Not exactly a vote of confidence in either the teachers or the system. According to the Inspectors, the 1870 Education Act does not seem to have been an outstanding success, at least as far as this Voluntary school was concerned. Voluntary schools were however considerably less well off than Board schools. The cost of educating a child in 1895-6 was roughly £1.18.11d in a Voluntary school and £2.10. 2d in a Board school, the average salary of a teacher being 32% higher in the latter.
However, judging by the marriage register, the rate of adult literacy improved, since no-one in the dying years of the century was unable to write his or her own name, and while some of the teachers in the last twenty years of the century were perhaps struggling to impart knowledge and skills which were not always valued by their pupils, by the time Miss Stace arrived in 1923 the education provided by the school gained much more approval from the inspectorate. ‘Miss Stace has an enlightened outlook, progressive methods and refined influence’, wrote the inspector. ‘The tone and work of the school has improved. There is a varied curriculum.’
Refined Miss Stace may have been when the inspector was there. She was not so refined when she was alone and having to teach a group of children ranging from seven to fourteen. She controlled the boys with cuffs around the ear and ear twisting. In severe cases of bad behaviour the boys were caned by the vicar when he came in to school the following day. After Ivy Whitesell had broken the cane when the previous incumbent, Miss Hopcraft, had tried to cane her, the cane was no longer used against the girls.
Miss Stace liked bright girls like Miriam Clinkard and Emily Watts, both farmers’ daughters, and sent those who struggled with academic subjects to do the washing up in her cottage adjacent to the school. Nevertheless several girls obtained an education which was good enough for them to take up places at the local grammar school, so she must have been doing something right. Miriam Clinkard, for instance, went on to become a senior lecturer in child development at the University of London and Gladys Hambidge, another bright village girl, became a primary school teacher before emigrating to Canada.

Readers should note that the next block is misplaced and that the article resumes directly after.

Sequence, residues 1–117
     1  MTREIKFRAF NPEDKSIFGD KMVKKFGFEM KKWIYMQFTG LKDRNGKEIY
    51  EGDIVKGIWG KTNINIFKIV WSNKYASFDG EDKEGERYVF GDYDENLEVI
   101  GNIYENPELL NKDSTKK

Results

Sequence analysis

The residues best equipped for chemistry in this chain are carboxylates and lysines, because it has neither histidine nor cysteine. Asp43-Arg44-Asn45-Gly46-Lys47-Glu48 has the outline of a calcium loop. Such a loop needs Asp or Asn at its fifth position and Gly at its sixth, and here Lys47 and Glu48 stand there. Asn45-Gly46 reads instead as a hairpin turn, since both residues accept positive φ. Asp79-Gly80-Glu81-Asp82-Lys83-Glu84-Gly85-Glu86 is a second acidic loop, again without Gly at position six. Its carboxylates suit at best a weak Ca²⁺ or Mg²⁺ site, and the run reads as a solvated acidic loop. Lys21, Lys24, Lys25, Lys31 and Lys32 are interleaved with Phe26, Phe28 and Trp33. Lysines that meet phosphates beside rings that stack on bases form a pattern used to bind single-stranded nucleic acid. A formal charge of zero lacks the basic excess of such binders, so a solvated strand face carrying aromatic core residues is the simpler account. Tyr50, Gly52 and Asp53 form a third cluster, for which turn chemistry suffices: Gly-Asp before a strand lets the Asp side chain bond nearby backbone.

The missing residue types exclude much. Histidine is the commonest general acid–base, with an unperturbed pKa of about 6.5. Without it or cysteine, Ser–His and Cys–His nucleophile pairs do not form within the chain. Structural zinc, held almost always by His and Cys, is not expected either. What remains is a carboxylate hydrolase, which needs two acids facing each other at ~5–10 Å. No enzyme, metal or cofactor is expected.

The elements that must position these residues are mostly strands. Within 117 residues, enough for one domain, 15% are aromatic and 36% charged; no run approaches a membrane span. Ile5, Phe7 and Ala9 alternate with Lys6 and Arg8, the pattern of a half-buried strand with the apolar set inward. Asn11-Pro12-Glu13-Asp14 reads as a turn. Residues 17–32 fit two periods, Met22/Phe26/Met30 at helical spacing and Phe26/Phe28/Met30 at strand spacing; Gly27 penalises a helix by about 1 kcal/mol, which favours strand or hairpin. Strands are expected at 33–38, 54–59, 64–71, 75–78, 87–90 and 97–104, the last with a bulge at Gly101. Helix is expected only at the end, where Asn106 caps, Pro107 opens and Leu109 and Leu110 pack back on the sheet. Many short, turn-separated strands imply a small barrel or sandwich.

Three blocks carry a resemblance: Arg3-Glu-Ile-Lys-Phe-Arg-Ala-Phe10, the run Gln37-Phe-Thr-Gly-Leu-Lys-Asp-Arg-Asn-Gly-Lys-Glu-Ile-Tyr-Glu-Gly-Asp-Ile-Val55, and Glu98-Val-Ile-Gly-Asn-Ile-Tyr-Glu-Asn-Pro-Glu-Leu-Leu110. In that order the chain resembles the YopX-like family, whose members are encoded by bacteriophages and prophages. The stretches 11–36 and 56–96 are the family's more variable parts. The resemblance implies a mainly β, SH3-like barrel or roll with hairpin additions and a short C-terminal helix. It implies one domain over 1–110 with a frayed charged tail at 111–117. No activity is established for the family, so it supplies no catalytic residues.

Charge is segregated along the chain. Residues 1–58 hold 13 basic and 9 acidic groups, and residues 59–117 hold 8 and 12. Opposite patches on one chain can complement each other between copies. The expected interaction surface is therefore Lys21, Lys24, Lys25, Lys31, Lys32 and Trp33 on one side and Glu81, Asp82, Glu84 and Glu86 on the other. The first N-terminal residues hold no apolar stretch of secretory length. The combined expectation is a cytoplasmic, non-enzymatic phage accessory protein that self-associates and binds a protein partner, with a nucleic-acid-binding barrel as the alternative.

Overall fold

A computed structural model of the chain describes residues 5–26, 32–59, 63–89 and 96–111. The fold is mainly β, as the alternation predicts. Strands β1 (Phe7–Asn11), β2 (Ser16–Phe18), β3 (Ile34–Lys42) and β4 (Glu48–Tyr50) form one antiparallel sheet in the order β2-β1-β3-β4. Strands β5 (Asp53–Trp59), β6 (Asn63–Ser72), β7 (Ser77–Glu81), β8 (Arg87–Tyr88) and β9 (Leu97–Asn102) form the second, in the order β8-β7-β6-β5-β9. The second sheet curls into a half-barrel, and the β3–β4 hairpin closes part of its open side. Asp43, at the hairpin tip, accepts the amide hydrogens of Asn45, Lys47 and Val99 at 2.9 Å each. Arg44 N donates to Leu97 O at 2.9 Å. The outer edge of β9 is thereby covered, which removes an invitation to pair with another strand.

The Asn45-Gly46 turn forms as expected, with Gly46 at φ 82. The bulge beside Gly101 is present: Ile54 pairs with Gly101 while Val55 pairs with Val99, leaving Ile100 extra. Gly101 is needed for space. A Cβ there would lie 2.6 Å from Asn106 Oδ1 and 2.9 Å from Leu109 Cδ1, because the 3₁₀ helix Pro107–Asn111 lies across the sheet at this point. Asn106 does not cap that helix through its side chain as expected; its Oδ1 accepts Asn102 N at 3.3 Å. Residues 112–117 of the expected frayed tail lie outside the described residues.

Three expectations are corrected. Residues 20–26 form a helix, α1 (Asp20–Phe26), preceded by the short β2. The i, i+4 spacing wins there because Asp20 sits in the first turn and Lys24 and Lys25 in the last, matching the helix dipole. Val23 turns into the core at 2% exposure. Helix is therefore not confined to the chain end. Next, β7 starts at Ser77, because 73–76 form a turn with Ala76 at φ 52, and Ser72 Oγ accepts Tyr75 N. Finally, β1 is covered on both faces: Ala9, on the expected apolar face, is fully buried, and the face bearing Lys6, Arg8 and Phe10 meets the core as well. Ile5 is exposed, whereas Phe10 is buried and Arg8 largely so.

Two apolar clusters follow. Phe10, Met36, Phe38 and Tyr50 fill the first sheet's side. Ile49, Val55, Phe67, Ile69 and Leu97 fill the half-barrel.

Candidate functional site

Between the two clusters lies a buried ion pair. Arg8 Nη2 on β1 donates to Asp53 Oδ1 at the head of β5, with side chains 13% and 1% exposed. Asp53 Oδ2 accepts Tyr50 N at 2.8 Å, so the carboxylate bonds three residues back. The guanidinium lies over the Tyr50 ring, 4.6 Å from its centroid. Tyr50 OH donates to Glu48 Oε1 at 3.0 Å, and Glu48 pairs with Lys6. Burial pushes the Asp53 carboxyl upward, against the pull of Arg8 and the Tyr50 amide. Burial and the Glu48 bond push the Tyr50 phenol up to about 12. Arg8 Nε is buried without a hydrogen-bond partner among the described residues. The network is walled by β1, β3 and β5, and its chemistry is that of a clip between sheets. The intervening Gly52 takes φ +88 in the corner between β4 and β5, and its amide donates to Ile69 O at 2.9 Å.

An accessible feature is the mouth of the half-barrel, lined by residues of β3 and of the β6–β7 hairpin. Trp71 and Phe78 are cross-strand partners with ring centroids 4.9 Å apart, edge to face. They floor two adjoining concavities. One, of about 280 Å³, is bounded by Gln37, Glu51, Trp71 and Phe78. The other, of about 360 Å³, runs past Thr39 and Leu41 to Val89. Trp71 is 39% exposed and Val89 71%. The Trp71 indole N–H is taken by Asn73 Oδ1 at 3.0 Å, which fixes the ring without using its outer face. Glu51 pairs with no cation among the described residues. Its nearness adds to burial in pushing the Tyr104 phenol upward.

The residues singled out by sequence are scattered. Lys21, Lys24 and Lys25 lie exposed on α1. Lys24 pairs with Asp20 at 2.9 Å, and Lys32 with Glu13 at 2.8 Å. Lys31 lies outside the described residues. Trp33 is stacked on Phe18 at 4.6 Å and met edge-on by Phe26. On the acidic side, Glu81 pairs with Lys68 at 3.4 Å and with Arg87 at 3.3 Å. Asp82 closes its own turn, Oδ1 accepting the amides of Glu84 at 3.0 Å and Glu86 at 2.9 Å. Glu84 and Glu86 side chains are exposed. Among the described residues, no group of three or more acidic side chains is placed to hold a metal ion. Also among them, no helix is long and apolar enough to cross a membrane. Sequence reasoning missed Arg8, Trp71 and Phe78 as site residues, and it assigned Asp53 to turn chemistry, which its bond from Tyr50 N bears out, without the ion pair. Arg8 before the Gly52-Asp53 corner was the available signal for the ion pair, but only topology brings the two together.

One of the events Miss Stace organised was an annual school trip, often to the seaside. She started a project on surveying, where the children made measurements and recorded various buildings in the village and also involved the children in bookcraft, making note books, folders and albums which were used in class and at home. She introduced a note of glamour to the village, riding her motorbike up the hill from Headington. Later she acquired a bull-nose Morris with a dickey seat and would take children out to the house she shared with her brother, himself a teacher, for tea. Best of all, she had a dog which could balance biscuits on its nose and toss them in the air before eating them.
Whatever Miss Stace’s shortcomings, many of the children who passed through her hands remembered her with affection. The school became a Primary school in 1948 and finally closed in 1955, with the Primary age children going to the neighbouring village of Beckley. The school which the Reverend Gordon founded in Marston, however, continues to this day providing education for 380 children. While he may have been sad to see the closure of Elsfield school, he can rest under his impressive headstone in the churchyard knowing that his ideas about education as a means of improving the lives of the village children were at the forefront of Victorian thinking and have now became an important part of the duties of the state.
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